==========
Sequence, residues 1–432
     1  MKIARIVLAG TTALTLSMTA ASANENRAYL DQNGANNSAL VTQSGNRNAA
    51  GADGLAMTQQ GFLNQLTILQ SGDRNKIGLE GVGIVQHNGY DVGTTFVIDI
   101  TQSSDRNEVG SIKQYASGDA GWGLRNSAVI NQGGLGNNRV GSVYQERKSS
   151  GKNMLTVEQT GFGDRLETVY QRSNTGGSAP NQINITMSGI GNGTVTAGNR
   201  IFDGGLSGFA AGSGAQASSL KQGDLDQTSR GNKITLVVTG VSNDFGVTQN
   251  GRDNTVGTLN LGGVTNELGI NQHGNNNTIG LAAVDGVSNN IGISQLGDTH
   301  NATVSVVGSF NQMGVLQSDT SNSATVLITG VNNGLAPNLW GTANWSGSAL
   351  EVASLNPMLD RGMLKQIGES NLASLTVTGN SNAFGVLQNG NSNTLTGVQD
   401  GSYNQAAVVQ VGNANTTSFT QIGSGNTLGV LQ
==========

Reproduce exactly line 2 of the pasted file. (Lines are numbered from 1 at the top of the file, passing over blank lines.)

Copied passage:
     1  MKIARIVLAG TTALTLSMTA ASANENRAYL DQNGANNSAL VTQSGNRNAA